Dr John Ashfield PhD, Australian Institute of Male Health & Studies.
As featured in The Country Web 2016 Annual
…change can turn out to be a real tonic. It can lift us out of a rut and present us with an opportunity to experience living more fully and humanly in the present moment.
Adjusting to the pace of change in modern life can be very challenging. Many involuntary changes are foisted on us with the potential to produce all sorts of reactions in us. We may find ourselves feeling powerless, angry, anxious, perhaps mentally overloaded and even somewhat ‘paralysed’.
The world we once knew and which we counted on to remain largely the same is changing fast, and we are faced with the considerable challenge of making the transition into a different future, and having to make lots of decisions that will determine the shape of our future.
It goes without saying that we need first to have a clear and calm head to attempt this transition, and we may need to seek advice and support in a way we’ve never had to do before. This will invariably require us to be flexible, creative and open—and maybe that can be a bit challenging for some of us.
Without realising it, we can sometimes become rigidly attached to certain ideas, assumptions, routines, familiar patterns and conventions—in the hope of maintaining life in a certain unchanged form. But is this good for us? As H.L. Mencken once said, “It is the dull man who is always sure, and the sure man who is always dull.”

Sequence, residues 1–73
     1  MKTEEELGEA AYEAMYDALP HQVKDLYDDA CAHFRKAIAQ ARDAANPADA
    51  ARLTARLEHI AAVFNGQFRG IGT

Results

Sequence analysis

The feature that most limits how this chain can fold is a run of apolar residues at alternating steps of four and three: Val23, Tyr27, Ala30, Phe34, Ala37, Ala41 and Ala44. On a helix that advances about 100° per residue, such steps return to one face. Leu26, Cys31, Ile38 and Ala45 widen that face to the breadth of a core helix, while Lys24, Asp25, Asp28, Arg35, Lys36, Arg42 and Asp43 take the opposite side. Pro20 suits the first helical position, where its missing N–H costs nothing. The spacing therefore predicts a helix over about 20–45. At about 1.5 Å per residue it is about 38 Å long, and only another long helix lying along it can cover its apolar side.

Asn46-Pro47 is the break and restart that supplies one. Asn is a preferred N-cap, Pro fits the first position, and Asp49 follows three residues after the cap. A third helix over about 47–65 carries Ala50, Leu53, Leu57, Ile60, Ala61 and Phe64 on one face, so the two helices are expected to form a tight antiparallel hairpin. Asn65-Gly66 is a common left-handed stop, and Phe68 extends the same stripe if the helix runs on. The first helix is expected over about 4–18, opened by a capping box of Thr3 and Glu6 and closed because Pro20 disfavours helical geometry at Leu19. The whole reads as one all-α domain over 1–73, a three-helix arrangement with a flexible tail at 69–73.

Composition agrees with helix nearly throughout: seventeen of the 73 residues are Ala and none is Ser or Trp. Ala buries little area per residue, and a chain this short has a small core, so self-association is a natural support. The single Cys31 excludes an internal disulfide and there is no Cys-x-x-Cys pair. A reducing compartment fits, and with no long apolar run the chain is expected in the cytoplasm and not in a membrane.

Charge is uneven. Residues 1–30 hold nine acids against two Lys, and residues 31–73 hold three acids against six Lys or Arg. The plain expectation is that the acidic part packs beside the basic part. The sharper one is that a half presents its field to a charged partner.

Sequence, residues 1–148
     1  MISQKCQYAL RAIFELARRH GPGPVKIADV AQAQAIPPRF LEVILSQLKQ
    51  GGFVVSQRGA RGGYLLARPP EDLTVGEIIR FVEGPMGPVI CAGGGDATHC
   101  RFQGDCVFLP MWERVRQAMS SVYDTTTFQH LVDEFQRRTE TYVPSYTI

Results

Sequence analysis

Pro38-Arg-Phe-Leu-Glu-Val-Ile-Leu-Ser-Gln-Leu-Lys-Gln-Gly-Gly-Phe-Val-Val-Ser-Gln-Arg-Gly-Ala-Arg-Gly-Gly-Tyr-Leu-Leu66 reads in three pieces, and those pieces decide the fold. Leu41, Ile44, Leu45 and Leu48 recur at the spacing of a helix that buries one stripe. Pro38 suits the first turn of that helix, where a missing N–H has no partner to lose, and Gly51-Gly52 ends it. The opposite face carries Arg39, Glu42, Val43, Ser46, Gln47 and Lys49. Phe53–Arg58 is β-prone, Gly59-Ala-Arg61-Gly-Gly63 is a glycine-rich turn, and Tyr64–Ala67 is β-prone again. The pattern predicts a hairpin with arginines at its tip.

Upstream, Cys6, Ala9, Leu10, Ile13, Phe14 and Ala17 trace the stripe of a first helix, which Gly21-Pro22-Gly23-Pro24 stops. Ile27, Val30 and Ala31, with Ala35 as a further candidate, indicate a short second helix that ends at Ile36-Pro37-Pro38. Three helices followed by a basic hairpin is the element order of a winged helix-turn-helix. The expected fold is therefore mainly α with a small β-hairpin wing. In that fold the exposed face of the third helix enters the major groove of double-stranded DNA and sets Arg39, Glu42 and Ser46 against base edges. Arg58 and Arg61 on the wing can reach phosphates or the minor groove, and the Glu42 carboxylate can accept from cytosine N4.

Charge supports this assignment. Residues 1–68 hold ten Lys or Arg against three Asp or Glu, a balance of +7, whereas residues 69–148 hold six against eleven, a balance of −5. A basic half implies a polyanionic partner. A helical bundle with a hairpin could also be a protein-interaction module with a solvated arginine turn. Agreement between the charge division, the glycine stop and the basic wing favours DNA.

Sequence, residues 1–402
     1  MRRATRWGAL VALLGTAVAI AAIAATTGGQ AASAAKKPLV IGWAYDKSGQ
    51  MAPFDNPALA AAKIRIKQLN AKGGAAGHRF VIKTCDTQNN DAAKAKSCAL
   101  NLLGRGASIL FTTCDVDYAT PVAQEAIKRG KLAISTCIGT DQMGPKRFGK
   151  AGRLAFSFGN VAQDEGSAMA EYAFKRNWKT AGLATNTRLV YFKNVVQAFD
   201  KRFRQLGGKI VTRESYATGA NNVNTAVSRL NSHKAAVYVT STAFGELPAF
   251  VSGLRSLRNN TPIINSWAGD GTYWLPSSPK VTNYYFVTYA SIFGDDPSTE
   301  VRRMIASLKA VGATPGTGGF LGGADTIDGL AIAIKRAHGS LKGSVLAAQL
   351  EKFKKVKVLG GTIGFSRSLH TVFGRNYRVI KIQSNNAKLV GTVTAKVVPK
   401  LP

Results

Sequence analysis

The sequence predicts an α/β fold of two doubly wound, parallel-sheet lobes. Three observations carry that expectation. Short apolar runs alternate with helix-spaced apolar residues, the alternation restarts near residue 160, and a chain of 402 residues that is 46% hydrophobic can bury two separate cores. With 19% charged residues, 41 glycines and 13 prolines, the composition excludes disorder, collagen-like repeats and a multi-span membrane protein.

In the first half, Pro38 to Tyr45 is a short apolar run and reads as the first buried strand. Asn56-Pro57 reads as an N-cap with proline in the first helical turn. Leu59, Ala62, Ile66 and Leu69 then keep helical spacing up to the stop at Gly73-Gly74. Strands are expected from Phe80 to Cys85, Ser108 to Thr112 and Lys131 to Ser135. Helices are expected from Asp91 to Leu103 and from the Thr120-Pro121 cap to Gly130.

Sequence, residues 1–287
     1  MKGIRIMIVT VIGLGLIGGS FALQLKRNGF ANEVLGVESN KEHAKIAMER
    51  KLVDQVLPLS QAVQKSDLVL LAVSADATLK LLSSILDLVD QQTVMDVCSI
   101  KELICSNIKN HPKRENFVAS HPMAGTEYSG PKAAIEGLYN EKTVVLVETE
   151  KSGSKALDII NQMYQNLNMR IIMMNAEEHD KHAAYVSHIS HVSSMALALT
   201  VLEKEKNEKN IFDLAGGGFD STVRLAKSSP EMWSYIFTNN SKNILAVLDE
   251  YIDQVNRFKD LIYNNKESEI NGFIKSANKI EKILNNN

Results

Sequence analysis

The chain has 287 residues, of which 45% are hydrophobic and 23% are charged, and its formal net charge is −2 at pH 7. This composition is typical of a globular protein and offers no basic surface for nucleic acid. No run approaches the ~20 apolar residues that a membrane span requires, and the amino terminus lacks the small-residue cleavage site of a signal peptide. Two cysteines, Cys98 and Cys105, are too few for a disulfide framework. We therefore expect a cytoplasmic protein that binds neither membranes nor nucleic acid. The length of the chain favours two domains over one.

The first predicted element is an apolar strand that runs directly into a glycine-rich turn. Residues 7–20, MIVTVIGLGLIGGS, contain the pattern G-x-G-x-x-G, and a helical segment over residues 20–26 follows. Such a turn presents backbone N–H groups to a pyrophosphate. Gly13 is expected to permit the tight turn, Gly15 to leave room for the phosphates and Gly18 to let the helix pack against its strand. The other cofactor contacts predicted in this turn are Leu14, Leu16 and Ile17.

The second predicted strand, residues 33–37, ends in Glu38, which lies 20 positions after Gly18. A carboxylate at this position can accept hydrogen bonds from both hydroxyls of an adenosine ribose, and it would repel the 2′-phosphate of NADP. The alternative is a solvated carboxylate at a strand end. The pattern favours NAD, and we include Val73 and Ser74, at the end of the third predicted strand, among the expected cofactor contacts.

In the process of trying hard to maintain the status quo we can unwittingly imprison ourselves within our own insecurities, retarding our growth in resilience and our capacity for much needed new thinking.
And let’s not overlook that coping with change and transitioning to something new always involves some degree of loss (as the old gives way to the new) and consequent grief—grief that we must experience and deal with, not merely deny. Life simply can’t progress or flourish otherwise.
Yes, this is all a very ‘tall order’ and it requires every bit of grit we can muster to get life on track—well a new track anyway. And we must make ready for the journey, by taking care of ourselves in ways perhaps that we have paid little attention to before, and by avoiding some things that are creeping into our lives that are unhelpful, like using too much alcohol, eating poorly and not staying in good physical shape—all of which will likely have an impact on our mental health.
Making sure we get enough rest and exercise (most importantly that isn’t associated with stressful work), that we manage stress through recreation and calming activities, and pay attention to our relationships, are all essential for coping and resilience.
Of course change can turn out to be a real tonic. It can lift us out of a rut and present us with an opportunity to experience living more fully and humanly in the present moment—where we taste, see, hear, feel and experience things with a whole new interest and intensity; things previously neglected or overlooked.
Perhaps the most important strategy for coping with change is to get back to our core values and to focus on the people and things of most importance to us. We may need to become far less attached to the material things that are increasingly so subject to change—and that are so easily lost; instead, focusing more attention on cultivating whatever can nourish a stable sense of wellbeing, a sense of belonging, of caring and having others care about us.
Properly nurtured, these things can provide us with the dependable inner resources to help keep life hopeful, meaningful and functioning in perspective. They can provide us with ‘psychological buoyancy’, a place to go when we need to ‘catch our breath’, and the emotional resilience to avoid being intimidated or overwhelmed by change now and in the future.